The sunflowers have been savaged. This happens every year. And this is the reason I had stopped growing sunflowers in the first place. It’s just too heartbreaking to watch them cut down in the prime of life – before they’ve ever even gotten a chance to produce seeds.
All right, I’m being melodramatic, but it is disheartening whenever this happens.
At least it isn’t a surprise anymore. In the past – before I’d grown cynical and jaded – I went all out when it came to sunflowers. I planted the giant Russian variety, and I was so proud of them. I watched them grow to their massive height, then staked them when their heads got too heavy for them to hold themselves properly upright. I watched the petals around their enormous faces unfold. I had so much fun.
But then an animal found my sunflowers. Something sinister and wild. I think it was a raccoon. Maybe it was a squirrel. Anyway, Something climbed my carefully poled Russian sunflowers, bent the stalks in half and savaged the flowers – ripped their heads to pieces before the seeds had even set. I came out onto my lawn the next morning to bent and mangled stalks, severed flower heads and wildly scattered petals – a gruesome trail of botanical carnage. (More melodrama).
It was such a waste. Utterly heartbreaking.
And what made me doubly angry was that I was planning to feed those very sunflowers to the beasties later that fall…when the seeds had set and matured. Because that is the final fun of growing a sunflower. You cut the head off the stalk and mount it somewhere in the yard and it becomes a natural birdfeeder; something everyone can enjoy – wildlife and humans alike.
But the wildlife got impatient and had to ruin it for everyone.
I tried growing sunflowers for a few years after that – but always with the same result. One year, I even set the sunflowers in a mesh of chicken wire and had CPT America spray the plants with pepper spray. No good. After digging the massive stalks out of the garden at the end of the growing season (never a fun task and surprisingly difficult), I finally swore off growing sunflowers altogether. It wasn’t worth it.
But, this year, I got tricked into growing sunflowers. Their seeds came in the packet I used for my backyard wildflower garden. I was certain nothing would come of it. I expected the chipmunks would find the seeds, eat them and that would be the end of it.
But somehow, the seeds survived. And germinated. And grew until they became this.
And all the while they were growing I became more and more attached to them. I tried not to care, but I couldn’t help it. Soon, I was looking forward to seeing their cheerful faces each day. I forgot about the squirrels and the raccoons and the fact that a sunflower is, after all, just a food factory. I romanticized nature (as I am wont to do) and I paid for it.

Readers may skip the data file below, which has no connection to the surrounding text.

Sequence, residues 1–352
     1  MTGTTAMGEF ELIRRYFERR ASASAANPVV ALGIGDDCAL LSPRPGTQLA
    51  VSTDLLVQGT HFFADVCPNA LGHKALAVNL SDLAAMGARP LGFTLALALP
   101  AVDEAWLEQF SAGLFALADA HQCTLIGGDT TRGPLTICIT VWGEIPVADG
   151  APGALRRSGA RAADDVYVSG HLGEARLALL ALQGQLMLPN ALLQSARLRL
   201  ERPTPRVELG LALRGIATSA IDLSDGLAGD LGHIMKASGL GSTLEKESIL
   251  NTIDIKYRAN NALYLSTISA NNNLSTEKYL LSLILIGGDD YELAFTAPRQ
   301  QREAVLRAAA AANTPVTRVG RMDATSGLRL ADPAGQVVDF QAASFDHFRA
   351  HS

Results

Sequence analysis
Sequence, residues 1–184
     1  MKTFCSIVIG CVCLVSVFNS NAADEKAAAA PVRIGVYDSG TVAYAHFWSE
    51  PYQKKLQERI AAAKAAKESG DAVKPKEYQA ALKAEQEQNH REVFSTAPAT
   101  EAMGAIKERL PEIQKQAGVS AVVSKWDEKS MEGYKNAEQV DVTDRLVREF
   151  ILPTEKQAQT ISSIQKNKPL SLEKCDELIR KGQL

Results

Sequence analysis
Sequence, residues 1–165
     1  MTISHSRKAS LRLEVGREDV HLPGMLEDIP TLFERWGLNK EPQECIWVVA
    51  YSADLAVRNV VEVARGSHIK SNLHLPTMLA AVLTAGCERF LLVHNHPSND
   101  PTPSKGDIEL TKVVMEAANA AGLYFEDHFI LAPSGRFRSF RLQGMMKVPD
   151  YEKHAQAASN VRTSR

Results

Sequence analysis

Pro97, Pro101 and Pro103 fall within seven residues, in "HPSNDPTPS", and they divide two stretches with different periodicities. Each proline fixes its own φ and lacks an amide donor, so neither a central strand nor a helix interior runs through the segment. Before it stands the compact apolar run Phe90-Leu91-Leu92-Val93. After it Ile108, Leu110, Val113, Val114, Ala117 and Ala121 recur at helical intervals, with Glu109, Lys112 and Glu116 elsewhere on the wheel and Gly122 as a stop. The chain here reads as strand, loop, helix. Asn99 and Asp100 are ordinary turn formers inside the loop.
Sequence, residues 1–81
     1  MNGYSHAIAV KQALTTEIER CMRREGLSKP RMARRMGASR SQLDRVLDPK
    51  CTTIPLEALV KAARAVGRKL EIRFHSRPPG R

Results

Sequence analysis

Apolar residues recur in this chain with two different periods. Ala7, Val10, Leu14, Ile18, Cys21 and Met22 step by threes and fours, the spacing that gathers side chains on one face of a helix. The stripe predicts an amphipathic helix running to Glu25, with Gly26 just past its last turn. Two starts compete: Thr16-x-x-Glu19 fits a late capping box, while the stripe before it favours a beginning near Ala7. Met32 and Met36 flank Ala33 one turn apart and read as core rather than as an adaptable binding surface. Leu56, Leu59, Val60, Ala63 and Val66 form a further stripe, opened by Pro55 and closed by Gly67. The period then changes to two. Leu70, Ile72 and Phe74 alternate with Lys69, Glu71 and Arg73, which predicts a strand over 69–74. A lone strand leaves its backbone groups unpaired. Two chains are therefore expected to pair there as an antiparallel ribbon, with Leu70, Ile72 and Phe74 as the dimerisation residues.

Just this last week, while looking out my back window, I noticed the silhouette of the wildflower garden had changed. And when I looked closer, I realized that the taller, fuller spikes I had grown used to seeing each day – the sunflowers – were missing. Just like that. They’d disappeared.
Only they hadn’t completely disappeared. They were still in the garden – just horribly mangled. Something had climbed them, broken the stalks, nibbled at the half formed seeds, and then gone off in search of other, riper food.
Blast you squirrels!
If they could have just waited a few weeks longer, I’d have helped them. I’d have cut the flower heads down myself. I’d have given them all the seeds for their eating and they would have been ripe seeds, too. Tasty seeds. Edible seeds.
But the squirrels had to go and ruin it…again.
So no more sunflowers! I’m done. And this time I mean it.
I’m sure there’s some sort of moral lesson here. Something about patience and how we shouldn’t be the squirrels of our own lives, unable to wait for things to mature, impatient for the desires of our hearts….but I’m not going to go there.
I’d much rather rant about romanticizing nature and how squirrels don’t give a fig about the happy harvest plans you have for them. How they don’t give a thought to aesthetics. They’re mean little buggers, and they’ll take anything they can get their furry little paws on – even things that aren’t ripe. That’s the thought I want to leave you with.
And, having said that, I feel much better. Take that, squirrels.